It's good to know that this crutch is available to you. If you absolutely can't come up with a unique acting pattern because of deadlines or whatever, go ahead and shake or nod.
But keep in mind that there probably is a more interesting way to act out your character's emotions.


  1. Awesome post! I feel like I learned more here than I have in class.

  2. WOW great post, Andreas. Best one I read this year! thanks you!

  3. "When animating on 2s, you only need one in-between that favors one if the two extremes"
    the word "if" isn't the word "of"? Please excuse me for correcting you, if I have understood the sentence correctly at all :)

    So this means that the animator needs just 1 in-between which has to be closer (aligned towards) the favoured extreme?

    1. You are right, and I corrected my spelling mistake. Thanks.

  4. Thanks for post. These kind of acting info are superb, and like to read more of these kind.

    It's so easy to test example with "I don't know". It depend so much how to say it. You can feel immediately that, is shaking the head natural reaction. Example more interrógative "i don' t know", shoulders rise naturally. Maybe for scarier "I don't know" shaking head comes for natural.

    What scenes Milt animated in Alice in Wonderland? I just watch that, and notice on "Mad Hatter´s tea party" scene, that there was some head nodding and shakes going on.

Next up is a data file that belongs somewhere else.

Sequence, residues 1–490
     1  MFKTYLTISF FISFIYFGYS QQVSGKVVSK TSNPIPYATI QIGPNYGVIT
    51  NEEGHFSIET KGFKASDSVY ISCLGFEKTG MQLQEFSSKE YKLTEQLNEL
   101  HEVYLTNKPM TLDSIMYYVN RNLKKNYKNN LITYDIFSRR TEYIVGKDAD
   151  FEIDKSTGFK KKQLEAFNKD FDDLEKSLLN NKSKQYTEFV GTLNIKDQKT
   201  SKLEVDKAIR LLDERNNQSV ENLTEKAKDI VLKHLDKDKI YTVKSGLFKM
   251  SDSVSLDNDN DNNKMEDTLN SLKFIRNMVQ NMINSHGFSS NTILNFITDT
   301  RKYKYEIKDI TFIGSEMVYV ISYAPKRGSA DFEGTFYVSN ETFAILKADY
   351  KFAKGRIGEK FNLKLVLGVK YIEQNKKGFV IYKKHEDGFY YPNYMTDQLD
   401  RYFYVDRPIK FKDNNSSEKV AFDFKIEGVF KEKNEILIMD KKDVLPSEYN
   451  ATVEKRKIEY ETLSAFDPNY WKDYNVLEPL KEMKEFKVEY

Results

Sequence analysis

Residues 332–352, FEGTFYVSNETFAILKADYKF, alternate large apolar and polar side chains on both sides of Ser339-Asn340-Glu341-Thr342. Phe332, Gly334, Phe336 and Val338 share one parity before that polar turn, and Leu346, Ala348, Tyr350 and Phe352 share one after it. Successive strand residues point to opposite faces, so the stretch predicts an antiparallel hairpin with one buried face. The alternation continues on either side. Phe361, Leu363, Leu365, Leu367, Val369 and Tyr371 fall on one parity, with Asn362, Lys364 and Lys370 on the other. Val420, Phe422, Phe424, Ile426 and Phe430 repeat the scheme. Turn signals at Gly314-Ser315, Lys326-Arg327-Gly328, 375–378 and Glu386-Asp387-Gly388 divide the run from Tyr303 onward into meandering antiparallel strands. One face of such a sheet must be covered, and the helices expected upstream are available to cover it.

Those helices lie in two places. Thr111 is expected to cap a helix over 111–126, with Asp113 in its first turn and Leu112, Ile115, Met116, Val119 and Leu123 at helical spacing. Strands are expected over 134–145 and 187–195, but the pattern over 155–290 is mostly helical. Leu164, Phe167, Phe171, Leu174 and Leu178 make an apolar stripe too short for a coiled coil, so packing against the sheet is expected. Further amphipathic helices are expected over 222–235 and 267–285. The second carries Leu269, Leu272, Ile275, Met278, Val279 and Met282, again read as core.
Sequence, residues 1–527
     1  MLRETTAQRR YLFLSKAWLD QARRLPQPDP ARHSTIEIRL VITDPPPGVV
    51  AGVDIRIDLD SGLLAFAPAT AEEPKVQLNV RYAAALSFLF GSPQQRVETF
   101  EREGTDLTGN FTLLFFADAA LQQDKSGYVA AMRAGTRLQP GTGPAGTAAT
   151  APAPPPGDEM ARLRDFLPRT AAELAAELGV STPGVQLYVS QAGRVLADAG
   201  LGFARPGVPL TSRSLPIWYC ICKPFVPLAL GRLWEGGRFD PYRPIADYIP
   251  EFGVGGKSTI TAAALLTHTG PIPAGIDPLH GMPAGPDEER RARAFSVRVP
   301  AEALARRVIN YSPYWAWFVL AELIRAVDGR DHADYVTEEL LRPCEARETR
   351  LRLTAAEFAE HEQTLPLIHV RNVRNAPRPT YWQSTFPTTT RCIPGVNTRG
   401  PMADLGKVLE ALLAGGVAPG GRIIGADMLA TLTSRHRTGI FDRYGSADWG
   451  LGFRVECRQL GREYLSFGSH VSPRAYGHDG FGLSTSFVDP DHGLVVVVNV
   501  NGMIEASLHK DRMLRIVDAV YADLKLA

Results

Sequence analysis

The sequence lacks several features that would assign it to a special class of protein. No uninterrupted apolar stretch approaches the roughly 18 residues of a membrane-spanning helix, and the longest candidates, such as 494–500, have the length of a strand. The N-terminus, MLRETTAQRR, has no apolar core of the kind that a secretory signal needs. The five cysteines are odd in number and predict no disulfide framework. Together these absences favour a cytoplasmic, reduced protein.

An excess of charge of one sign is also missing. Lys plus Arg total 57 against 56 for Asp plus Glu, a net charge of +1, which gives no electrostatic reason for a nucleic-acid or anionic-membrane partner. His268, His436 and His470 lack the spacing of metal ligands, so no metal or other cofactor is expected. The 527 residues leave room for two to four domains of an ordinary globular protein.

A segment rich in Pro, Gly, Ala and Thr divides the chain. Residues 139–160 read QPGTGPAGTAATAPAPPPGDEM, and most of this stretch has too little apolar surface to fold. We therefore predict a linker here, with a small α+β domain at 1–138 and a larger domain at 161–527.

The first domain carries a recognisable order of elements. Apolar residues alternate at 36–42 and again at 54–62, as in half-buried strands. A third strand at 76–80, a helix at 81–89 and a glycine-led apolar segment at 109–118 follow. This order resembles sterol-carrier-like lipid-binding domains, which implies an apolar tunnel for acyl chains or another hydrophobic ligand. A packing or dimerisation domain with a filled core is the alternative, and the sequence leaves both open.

5. Great points! I'll definitely cut down on using head shakes in the future and try to think more outside the box. No crutches for me!

  6. That might be true but I could watch Milt Kahl head nods and shakes until the cows come home. Nobody could animate them like he did.
    Great post Andreas, even without tech-help.

    1. I am with you on this , Uli. I love seeing Milt's head shakes and nods and that particular shot from Sword that Andreas mentioned is beautiful done and fun to watch, an exaggerated action that I think worked so well. The characters in Sword in the Stone are so well caricatured that makes that kind of action totally acceptable. In a film designed like the likes of Pocahontas, for example, that kind of pushed animation choice would not work.

    2. Damn that Milt Kahl and his tendency to draw and animate like Milt Kahl! He should have mixed it up some more to give his legions of imitators more to mimic poorly! Same goes for other one-trick-ponies like Jimi Hendrix, Moebius, The Beatles, Rockwell, Alphonse Mucha, etc. It's like these guys were too wrapped-up being singular voices of artistic mastery to consider how the unique and memorable character of their work would hold up to the perpetual imitation and scrutiny of future generations of less original artists. The nerve!

  7. The head shakes have never bothered me one bit. Sometimes I think we all get too hung up on "Acting" when, particularly in humourous scenes, there's actually a lot more satisfaction in just watching a character "Performing". Besides, I've always felt that animation is more akin to stage acting than its live-action screen counterpart where, just like a stage actor embellishing his physical body language to communicate visually and clearly to those sitting up in the back rows, the animator gets more mileage out of keeping his drawings alive with a few fun physical quirks. The various head nods, shakes, tilts, etc. also seem to work well with keeping eye direction strong and less static.